The Cougars’ season ended with a whimper, at least in the first half. They tried to bang their way back after halftime, but once again the hole they decided to dig was too deep to crawl all the way out of. Not with Patty Mills continually throwing dirt on them. WSU got within four with 6 minutes, 36 seconds left, but Mills made two free throws, Omar Samhan hit a 16-foot jumper and scored on a three-point play and St. Mary’s was moving on in the NIT. Read on for the unedited version of our story.
• Here it is …
MORAGA – Maybe St. Mary’s coach Randy Bennett should take the DVD and send it to the NCAA selection committee.
Tuesday night was the Gaels at their best.
This couldn’t have been team the committee decided Sunday wasn’t one of the best 34 teams deserving of an NCAA at-large berth.
No, this St. Mary’s team, with a healthy Patty Mills pouring in 27 points in every way imaginable, blew out Washington State early, weathered every Cougar comeback and won the first-round National Invitation Tournament game 68-57 at McKeon Pavilion.
“That was a tough deal, playing on Tuesday after Sunday,” the Gaels’ Bennett said of not having their named called. It didn’t look that way, though, not the way they started.
The West Coast Conference runners-up, who have won a school-record 27 games (against six defeats, four of those without Mills) came out playing on fast-forward and the Cougars seemed stuck in pause.
“They were tremendous early,” WSU coach Tony Bennett said. “Mills was as good as advertised, their offensive rebounding was terrific, their physical play, how hard and tough-minded they were, was impressive.
“On the other hand, we didn’t handle the ball well, did not keep them off the glass and we weren’t together enough defensively.”
The first time St. Mary’s touched the ball, Diamon Simpson flew in from the free-throw line and dunked an Omar Samhan miss, one of five offensive rebounds Simpson would have.
That got the crowd of 2,107 going and the Gaels responded, busting to a 7-0 lead. With the Cougars, who finish 17-16, contributing 12 first-half turnovers, St. Mary’s stretched the lead to 13 at the half and 17 (41-24) a minute into the second.
Then Washington State started to play.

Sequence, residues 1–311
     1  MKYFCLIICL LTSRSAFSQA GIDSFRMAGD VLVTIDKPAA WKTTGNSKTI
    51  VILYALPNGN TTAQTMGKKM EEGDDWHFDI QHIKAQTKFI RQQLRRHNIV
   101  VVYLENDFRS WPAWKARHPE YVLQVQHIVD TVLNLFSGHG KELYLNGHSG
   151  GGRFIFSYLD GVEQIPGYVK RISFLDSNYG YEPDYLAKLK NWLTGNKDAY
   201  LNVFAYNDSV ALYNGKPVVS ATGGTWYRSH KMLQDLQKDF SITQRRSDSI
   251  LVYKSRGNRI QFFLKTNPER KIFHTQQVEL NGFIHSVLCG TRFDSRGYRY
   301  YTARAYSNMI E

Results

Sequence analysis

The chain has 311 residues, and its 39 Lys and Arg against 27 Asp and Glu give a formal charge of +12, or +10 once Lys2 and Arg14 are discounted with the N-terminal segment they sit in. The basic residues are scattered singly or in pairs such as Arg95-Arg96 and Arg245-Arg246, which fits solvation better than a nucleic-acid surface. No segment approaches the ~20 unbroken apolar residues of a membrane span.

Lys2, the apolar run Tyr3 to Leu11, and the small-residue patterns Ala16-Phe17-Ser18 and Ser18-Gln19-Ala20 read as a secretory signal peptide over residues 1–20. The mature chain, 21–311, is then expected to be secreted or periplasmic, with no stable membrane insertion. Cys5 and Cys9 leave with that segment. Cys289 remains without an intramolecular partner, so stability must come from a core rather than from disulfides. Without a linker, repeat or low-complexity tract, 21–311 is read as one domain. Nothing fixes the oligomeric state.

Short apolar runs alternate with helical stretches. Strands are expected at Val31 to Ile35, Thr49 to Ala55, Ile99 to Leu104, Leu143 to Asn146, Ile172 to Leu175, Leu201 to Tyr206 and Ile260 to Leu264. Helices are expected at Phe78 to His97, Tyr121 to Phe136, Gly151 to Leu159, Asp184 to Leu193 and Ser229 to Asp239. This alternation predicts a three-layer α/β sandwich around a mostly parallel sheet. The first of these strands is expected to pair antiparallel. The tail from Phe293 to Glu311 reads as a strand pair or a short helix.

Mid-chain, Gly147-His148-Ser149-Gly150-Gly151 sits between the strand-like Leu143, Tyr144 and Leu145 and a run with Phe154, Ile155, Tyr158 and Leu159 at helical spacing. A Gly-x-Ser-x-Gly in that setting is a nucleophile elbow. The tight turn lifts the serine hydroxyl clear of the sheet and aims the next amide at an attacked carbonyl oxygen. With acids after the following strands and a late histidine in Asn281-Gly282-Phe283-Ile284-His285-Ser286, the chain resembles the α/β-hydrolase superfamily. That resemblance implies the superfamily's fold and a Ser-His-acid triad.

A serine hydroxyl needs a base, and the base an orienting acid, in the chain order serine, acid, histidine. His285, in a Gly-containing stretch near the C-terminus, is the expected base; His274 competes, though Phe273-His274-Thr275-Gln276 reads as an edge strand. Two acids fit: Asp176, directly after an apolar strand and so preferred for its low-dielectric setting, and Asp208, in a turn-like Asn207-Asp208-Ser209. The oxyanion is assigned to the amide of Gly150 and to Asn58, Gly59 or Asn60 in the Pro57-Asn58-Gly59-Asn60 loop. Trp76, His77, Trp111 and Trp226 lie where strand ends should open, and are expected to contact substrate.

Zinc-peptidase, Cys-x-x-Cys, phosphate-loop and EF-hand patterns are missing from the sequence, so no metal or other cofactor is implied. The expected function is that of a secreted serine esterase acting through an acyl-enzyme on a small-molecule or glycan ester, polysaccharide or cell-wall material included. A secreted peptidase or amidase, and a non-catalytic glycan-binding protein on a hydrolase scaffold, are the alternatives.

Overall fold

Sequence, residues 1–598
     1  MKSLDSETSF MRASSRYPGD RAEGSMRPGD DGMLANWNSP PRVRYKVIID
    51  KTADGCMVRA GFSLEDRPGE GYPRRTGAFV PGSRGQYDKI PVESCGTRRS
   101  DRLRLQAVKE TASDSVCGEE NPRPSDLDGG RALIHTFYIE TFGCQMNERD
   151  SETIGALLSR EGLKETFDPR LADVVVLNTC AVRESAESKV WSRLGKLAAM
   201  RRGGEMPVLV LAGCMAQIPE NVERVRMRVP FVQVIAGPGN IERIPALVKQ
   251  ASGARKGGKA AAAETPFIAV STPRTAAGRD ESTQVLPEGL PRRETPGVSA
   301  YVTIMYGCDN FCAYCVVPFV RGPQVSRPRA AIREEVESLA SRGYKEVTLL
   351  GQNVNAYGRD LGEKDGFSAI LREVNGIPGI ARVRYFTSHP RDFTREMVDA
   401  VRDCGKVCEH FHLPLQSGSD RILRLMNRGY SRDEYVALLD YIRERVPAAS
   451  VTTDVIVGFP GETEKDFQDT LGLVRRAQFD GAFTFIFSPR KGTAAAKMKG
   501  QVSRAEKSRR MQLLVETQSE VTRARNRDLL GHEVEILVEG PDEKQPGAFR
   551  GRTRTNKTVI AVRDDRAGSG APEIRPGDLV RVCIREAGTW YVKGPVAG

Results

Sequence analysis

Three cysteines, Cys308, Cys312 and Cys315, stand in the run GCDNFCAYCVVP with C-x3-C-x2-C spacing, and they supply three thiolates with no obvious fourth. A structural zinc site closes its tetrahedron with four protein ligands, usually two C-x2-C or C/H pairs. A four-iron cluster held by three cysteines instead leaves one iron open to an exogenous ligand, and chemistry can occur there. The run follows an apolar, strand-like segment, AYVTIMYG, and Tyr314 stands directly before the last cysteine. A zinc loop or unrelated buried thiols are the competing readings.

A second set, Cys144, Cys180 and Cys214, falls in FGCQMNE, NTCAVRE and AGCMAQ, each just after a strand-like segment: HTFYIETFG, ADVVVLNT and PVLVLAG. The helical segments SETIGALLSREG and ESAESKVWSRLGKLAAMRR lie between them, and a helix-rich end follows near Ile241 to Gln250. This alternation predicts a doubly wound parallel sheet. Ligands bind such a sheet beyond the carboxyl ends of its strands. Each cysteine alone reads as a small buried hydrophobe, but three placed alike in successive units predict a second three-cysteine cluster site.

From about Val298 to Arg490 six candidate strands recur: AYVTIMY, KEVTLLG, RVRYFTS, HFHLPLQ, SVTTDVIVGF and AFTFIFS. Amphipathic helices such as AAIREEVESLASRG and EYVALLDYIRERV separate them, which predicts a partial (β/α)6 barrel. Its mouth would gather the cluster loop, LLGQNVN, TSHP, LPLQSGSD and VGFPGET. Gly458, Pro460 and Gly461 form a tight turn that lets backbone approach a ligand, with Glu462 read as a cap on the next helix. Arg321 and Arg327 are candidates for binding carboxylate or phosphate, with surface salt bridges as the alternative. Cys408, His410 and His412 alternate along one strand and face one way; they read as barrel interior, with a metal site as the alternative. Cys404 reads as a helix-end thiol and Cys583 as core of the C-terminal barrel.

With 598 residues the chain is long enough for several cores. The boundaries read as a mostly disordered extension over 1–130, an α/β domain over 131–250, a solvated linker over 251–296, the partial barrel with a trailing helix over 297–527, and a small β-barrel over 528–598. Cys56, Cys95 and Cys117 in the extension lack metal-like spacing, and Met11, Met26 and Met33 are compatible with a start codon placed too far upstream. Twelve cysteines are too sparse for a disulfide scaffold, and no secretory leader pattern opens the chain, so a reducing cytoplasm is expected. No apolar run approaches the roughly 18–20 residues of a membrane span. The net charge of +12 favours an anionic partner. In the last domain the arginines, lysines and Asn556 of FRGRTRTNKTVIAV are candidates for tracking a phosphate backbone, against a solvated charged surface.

The biggest difference? No turnovers until the last 4 minutes of the game.
“Us realizing it’s probably a good idea to take care of the ball,” Taylor Rochestie answered when asked what changed.
Plus Aron Baynes and DeAngelo Casto clamped down on the glass – Baynes had 10 rebounds, Casto five – and Rochestie finally finding the range, WSU clawed back into it.
But Mills wouldn’t let them take it.
The 6-foot guard, in only his fourth game back from a broken wrist that cost him five weeks – and may have cost St. Mary’s that NCAA berth - hit 8 of 15 shots, 5 of 9 from beyond the arc – and blunting every Cougar second-half rally.
“He’s not hype,” said Rochestie in a somber Cougar locker room. “He’s the real deal. He can shoot the ball. He pulled up in transition one time on me, another time he drove to the basket, finished while getting knocked over with the off hand.
“When you’re making plays like he can make, it’s tough.”
WSU pulled within 43-35 with a 7-0 run, then the Gaels jumped back ahead by 11. The Cougars clawed to within five twice, the first time on Casto’s putback, the next on Rochestie’s layup.
But it didn’t matter because, with WSU within 52-47, Mills showed why he’s projected high in the NBA draft if he wants to leave after this, his sophomore year.
After Rochestie missed a chance to cut the lead to three, Mills pushed, got into the lane around Baynes, attacked Casto and scored on a reverse right-handed layup on the left side of the rim. Twenty-five seconds later he nailed a 3-pointer in transition from 24-feet and the lead was 10.
The Cougar pulled within four on Marcus Capers’ jumper – the freshman tied a career-high with six points, only one less than Klay Thompson – but Mills got to the line hit both free throws, sparking a 7-0 run to end WSU’s hopes.
Mills wasn’t alone, as the 6-7 Simpson added 18 points and 11 rebounds. And 6-10 center Omar Samhan, though saddled with foul trouble, still had 11 points – including five in the last run – and seven rebounds.
Baynes (19 points despite a bad second-half headache) and Rochestie (14 points on 6 of 16 shooting) played as if they didn’t want their WSU careers to end, especially in the second half. But by then it was too late.
“Once again a poor start, similar to the UCLA game,” WSU’s Bennett said. “We needed to come in with a real high-level effort for 40 minutes to be in this deal, nothing less than that would get it done.”
St. Mary’s will play Davidson on Monday in Moraga. The Wildcats pulled another March upset, though admittedly on a smaller scale, by going into Columbia and edging the University of South Carolina, 70-63.
The lights may not have been as bright as they were in Davidson’s NCAA upsets of last year – including Gonzaga in the first round – but the star was the same. Stephen Curry lit up the Gamecocks for 32 points, including 13 of Davidson’s final 17.
• That’s it for tonight. We’ll be back tomorrow with a post-mortem. Until then …